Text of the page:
Unfortunately for some of the experiments I've been trying, I have found the following restrictions :
marshal.loads can't unmarshal a code object contained in a Python 2.4 byte-code file.
marshal.dumps can't marshal a code object.
imp.new_module returns None
As imp is a builtin module, this last one was particularly surprising.
It is however baffling that the IP homepage www.IronPython.com is so out of date.
|||Which is also surprisingly good to work with.|
|||UPDATE: If you add the Python 2.4 standard libraries to sys.path then you do get access to the normal Python os module.|
In one of my projects I've been looking at creating a parser for parts of the Python language. This is the first time I've done anything serious with parsers, other than handcoding my own. It's also involved grappling with grammars and attempting to understand the cryptic Python Language Reference.
As always it gets easier after a while, and even nearly makes sense. I've been using the excellent PLY to create the parser from grammar rules. By the way, PLY works with IronPython; which is nice. The Python grammar rules don't always easily translate into rules acceptable to PLY: much head scratching ensues. I still can't get precedence working in any understandable way.
Along the way I've encountered a couple of language oddities.
Firstly, string conversion with backticks is defined as :
"`" expression_list "`"
The definition for an expression_list allows a trailing comma. However this doesn't work in string conversion (thankfully) :
`(1 + 2),`File "<input>", line 1`(1 + 2),`^SyntaxError: invalid syntax
This makes writing the grammar rules easier, but it looks like the language definition or the implementation is wrong. (This expression won't even parse into an ast.)
Secondly, as far as I can tell, list comprehensions are defined by the list_maker rules, specifically list_for :
"for" expression_list "in" testlist [list_iter]
The expression_list in there suggests that, as far as the grammar is concerned, the following is syntactically correct :
[1 for 1 in iterable]
Obviously it isn't (can't assign to a literal), but I wonder why the grammar is defined in this way ?
If you use the built in parser module to parse the expression to an ast, it does indeed parse correctly. The compiler throws the SyntaxError when you try to compile it :
expr = '[1 for 1 in n]\n'
ast = parser.expr(expr)
parsetree = parser.ast2list(ast)
[258, [320, [298, [299, [300, [301, [303, [304, [305,
[306, [307, [308, [309, [310, [311, [9, '['], [312, [298,
[299, [300, [301, [303, [304, [305, [306, [307, [308, [309,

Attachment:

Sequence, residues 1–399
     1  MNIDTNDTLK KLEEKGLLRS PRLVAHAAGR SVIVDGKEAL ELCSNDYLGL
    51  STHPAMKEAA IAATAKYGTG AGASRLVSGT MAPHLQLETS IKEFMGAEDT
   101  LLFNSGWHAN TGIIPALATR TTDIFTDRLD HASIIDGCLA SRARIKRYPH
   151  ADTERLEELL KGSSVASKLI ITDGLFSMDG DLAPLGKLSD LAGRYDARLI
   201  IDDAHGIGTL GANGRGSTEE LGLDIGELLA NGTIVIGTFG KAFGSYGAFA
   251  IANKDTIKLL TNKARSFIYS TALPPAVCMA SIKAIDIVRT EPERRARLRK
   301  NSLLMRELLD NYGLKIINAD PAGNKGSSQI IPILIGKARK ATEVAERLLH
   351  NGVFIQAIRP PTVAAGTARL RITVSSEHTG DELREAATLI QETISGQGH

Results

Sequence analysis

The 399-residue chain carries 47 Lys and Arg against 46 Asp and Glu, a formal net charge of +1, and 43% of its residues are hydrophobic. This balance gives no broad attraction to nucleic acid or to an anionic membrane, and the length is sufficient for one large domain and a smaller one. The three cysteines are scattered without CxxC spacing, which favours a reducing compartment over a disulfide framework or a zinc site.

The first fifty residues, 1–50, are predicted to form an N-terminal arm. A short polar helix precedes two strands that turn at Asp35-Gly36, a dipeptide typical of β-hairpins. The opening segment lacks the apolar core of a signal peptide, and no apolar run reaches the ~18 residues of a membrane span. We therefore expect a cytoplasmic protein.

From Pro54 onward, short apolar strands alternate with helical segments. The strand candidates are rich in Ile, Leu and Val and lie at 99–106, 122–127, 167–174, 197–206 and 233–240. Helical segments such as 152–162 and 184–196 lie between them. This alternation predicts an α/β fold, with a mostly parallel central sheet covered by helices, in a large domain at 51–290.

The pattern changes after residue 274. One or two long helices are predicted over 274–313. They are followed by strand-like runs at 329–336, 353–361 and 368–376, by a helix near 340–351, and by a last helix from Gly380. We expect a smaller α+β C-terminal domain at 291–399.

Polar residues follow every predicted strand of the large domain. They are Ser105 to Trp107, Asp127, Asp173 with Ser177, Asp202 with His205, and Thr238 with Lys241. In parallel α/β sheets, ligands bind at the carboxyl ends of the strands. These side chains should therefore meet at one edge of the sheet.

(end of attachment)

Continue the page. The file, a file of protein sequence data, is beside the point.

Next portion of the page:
[310, [311, [2, '1']]]]]]]]]]]]]], [327, [1, 'for'], [319,
[303, [304, [305, [306, [307, [308, [309, [310, [311,
[2, '1']]]]]]]]]]], [1, 'in'], [321, [298, [299, [300,
[301, [303, [304, [305, [306, [307, [308, [309, [310, [311,
[1, 'n']]]]]]]]]]]]]]]]], [10, ']']]]]]]]]]]]]]]], [4, ''],
[4, ''], [0, '']]
Traceback (most recent call last):
File "ast_example.py", line 6, in ?
SyntaxError: can't assign to literal
I guess it's always possible to construct valid parse trees that can't compile, but wouldn't a new node identifier_list have been more appropriate here ? (Since it is only identifiers and not expressions that can be the target of the assignment in a list comprehension).
New Job, New House, No Internet
A hurried entry before work. I'm still offline at home. Yes, great surprise, NTL managed to screw up switching the internet connection on. I even paid for a "managed installation" so that this wouldn't happen, but when the guy came yesterday he fitted the cable and just left a CD; no managed installation. Obviously it doesn't work.
The other members of the team are all intelligent, but friendly with no trace of arrogance. This isn't that uncommon in the world of geekdom, but is refreshing nonetheless. I join about six months into the project, about six months before the first beta; so this is definitely no vapourware (a lot of functionality is already implemented), but nor can I tell you what we're working on.
The particular aspects of XP that we use include pair programming, test driven development (we have a 3:1 test code to application code ratio) and user stories. It's extremely refreshing to be able to be 99% certain that any changes you have made don't break anything else.
We work in two week iterations. Every fortnight our customer representative chooses which user stories are the highest priority for the coming iteration. He can spend (based on our estimate of how long each task will take) the number of pair days we have in the current iteration times our velocity (accumulated average of estimates/reality). Got all that ?
It's a very good way of working, and we also apply other XP concepts like YAGNI. So far the whole experience has been stretching and positive. It is great to finally be talk to other people about Python issues and be understood.